For Episode 52 we explored Broome before travelling for 8 weeks NE through The Kimberley and exploring lots of new Bays & Rivers, fishing and looking for Aboriginal Rock Art & Boab Trees.
At the end we spent 3 days and nights sailing across the Joseph Boneparte Gulf before arriving safely back in Darwin.
Our location for this Episode of the Blog.
Our route for this Episode of the Blog.
Back in Darwin we tried to anchor out in the harbour to save a bit of money but with the intense heat, volatile weather and crazy afternoon storms (like it was peak monsoon season) we had no choice but to head through the lock and into the Marina at Tipperary Waters.
It proved to be the right decision. The next few arvos we received some thumping storms that came in from all directions.
We spent a few days going hard-core from dawn until dusk washing, cleaning and tidying up both inside and out.
After 3 months in the Kimberley with no rain, it took a bit of elbow grease!!
However after talking to friends in the Marina, we found out that it had been hot and stormy for most of September (We arrived in September’s last week).
In fact we discovered it was the wettest September in Darwin since records began in 1900 and the 2nd hottest average temperature for a century!!!
When the rain backed off, we dropped the Tinny into the water and spent 2 full days doing modifications to her to fix the niggling teething issues we had whilst in the Kimberley.
We grinded off the bow handles and added a rub strip right around the boat.
We also installed an automatic electric bilge pump system to cope with it filling up during the storms and did some changes to the outboard motor and it’s mounting brackets.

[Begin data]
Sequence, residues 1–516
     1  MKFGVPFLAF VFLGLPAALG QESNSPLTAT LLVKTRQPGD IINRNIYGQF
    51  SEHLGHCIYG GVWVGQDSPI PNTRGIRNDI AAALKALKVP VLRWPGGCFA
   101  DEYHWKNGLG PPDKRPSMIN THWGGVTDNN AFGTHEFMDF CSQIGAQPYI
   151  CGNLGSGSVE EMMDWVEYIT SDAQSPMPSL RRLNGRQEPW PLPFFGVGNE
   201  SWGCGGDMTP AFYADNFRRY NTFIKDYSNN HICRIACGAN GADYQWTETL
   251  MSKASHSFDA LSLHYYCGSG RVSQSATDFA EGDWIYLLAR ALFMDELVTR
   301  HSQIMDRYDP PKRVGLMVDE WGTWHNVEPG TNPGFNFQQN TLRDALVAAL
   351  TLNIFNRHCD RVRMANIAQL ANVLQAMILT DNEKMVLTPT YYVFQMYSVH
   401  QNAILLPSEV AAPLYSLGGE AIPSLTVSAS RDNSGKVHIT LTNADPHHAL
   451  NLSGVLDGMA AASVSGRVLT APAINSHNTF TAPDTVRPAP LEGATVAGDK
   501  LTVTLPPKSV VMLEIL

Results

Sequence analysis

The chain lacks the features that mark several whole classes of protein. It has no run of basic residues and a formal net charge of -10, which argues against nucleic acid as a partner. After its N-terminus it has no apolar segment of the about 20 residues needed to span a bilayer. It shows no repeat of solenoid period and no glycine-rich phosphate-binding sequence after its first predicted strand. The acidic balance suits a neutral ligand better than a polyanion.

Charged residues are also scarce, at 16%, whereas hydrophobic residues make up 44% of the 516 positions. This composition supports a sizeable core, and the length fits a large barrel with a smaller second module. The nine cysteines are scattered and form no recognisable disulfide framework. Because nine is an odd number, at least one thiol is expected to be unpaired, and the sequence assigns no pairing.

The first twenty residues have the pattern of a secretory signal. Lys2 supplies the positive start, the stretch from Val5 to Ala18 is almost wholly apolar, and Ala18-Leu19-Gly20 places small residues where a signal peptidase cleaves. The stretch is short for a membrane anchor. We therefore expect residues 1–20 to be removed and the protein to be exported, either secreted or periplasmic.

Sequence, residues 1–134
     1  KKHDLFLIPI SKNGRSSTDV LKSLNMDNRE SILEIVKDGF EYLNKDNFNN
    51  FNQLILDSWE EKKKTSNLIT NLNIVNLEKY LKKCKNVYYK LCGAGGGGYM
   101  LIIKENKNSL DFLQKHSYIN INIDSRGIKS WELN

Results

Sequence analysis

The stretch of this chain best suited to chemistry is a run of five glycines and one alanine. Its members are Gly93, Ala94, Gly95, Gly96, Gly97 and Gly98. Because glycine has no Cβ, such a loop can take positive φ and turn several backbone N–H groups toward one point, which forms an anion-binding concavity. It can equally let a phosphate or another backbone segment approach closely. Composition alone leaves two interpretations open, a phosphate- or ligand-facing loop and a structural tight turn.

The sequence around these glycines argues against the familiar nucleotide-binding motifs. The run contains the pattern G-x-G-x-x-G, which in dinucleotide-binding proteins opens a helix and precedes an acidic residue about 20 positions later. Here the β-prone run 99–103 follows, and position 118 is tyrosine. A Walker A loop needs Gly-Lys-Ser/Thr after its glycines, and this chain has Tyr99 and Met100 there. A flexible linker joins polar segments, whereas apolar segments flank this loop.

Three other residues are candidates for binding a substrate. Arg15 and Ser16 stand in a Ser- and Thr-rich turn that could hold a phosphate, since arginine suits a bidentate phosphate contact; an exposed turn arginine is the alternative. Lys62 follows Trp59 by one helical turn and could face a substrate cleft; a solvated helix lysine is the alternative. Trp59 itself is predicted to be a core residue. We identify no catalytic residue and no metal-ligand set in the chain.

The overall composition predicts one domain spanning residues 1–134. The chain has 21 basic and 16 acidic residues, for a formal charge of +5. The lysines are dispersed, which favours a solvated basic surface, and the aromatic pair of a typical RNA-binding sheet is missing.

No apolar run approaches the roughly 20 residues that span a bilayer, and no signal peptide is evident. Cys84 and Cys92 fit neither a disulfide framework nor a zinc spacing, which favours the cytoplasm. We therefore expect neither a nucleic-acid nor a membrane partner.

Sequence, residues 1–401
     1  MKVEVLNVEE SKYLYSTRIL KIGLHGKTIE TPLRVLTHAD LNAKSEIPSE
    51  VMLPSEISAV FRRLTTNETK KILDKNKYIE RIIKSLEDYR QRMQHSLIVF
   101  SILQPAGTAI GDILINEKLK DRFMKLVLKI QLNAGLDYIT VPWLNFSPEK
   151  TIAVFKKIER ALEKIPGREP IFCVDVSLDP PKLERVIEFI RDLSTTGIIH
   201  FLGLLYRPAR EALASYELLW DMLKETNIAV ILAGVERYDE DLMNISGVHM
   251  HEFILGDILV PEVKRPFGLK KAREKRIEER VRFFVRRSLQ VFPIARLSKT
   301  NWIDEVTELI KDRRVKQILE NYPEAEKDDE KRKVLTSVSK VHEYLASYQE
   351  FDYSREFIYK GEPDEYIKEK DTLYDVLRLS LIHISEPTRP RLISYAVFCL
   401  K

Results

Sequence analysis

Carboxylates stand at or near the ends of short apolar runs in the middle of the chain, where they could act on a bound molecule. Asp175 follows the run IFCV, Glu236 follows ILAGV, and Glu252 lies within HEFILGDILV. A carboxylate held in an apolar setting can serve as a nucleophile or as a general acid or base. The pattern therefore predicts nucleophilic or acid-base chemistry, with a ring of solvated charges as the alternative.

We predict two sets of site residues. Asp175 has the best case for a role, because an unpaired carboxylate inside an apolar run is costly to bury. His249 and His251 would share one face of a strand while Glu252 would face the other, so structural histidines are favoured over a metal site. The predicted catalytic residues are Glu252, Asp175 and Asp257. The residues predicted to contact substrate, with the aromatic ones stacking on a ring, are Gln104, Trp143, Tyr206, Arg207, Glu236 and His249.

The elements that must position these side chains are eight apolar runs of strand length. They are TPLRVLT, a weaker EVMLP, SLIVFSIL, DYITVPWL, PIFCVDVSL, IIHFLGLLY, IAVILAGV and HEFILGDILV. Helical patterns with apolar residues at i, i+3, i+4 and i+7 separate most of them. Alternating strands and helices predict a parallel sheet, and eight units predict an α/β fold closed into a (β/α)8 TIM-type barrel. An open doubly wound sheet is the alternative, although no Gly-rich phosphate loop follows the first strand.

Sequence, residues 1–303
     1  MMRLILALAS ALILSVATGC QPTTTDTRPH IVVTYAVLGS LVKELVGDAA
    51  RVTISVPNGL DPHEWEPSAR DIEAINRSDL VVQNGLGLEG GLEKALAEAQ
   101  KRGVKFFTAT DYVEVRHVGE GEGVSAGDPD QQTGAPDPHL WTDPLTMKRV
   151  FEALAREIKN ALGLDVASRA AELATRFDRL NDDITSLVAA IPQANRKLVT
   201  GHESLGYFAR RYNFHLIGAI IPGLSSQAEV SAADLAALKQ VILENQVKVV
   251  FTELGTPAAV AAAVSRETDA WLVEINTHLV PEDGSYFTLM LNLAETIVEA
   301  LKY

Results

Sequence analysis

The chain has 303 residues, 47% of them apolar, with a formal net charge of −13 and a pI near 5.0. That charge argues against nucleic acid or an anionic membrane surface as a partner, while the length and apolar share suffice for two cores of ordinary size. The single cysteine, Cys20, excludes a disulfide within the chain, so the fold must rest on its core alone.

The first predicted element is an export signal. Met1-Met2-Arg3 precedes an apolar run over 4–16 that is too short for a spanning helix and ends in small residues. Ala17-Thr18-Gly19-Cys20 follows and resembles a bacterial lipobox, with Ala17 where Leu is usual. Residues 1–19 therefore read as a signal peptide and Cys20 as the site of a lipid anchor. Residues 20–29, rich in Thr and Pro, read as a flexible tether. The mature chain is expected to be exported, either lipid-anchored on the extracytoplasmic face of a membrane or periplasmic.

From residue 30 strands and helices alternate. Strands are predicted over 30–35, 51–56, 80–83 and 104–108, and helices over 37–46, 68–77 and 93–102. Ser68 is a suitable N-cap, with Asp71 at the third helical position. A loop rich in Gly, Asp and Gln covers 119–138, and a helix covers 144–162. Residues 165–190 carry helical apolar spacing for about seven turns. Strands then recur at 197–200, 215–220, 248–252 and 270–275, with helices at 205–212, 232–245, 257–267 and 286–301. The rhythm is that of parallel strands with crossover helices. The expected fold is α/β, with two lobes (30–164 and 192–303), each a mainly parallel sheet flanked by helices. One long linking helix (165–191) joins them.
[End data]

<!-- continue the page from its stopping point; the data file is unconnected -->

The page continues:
Despite the heat, we assembled our bikes and did a series or rides around Darwin.
The first sorties were for supplies and marine parts but after that we started to explore the city.
Darwin’s foreshore is awesome as the city is set back from the water and there are parklands and lots of leafy areas with walking/cycle tracks to explore.
All along the tracks are lookouts with memorial and monuments dedicated to the Aboriginal traditional owners, early white explorers and WW2.
A gun from the US Ship USS Peary that sunk in the Harbour during
the WW2 attacks (more on that later….)
the WW2 attacks (more on that later….)
The waterfront precinct has a fantastic area cordoned off for swimming with lots of areas to relax.
The fresh water wave pool is a big hit with people of all ages.
We rode out along Stokes Hill Wharf and it was cool to see the large Paspaley Pearl boats up close as we had seen them from a distance many times in The Kimberley.
The wharf also had 2 visiting Canadian Warships.
The security crew were walking around the decks armed with large machine guns which we thought was a little overkill.
On our first Saturday morning, we visited the Parap Markets.
They have been going for years and are popular with both the locals and tourists for fresh food, arts and crafts.
The most iconic stall is Mary’s famous Laksa which many people have for breakfast.
It is always busy and tastes terrific!!!
When we had exhausted the closer locations on the bikes, we hired a car for a week and set about doing larger sorties.
The time with the car was equally divided between reprovisioning for Lorelei’s next big sailing stint (another remote 8+ weeks and 800 miles) and exploring.
Once the fuel, stores and food supplies where packed on board, we could start to enjoy some travelling.
The first stop was the Litchfield National Park.
We had planned to visit Litchfield with George and Chez on the road trip but concentrated on Kakadu instead.
Then friends Cyn & Lindy shouted us a 1 hour helicopter flight over Litchfield which was so awesome but we hadn’t yet explored it from ground level.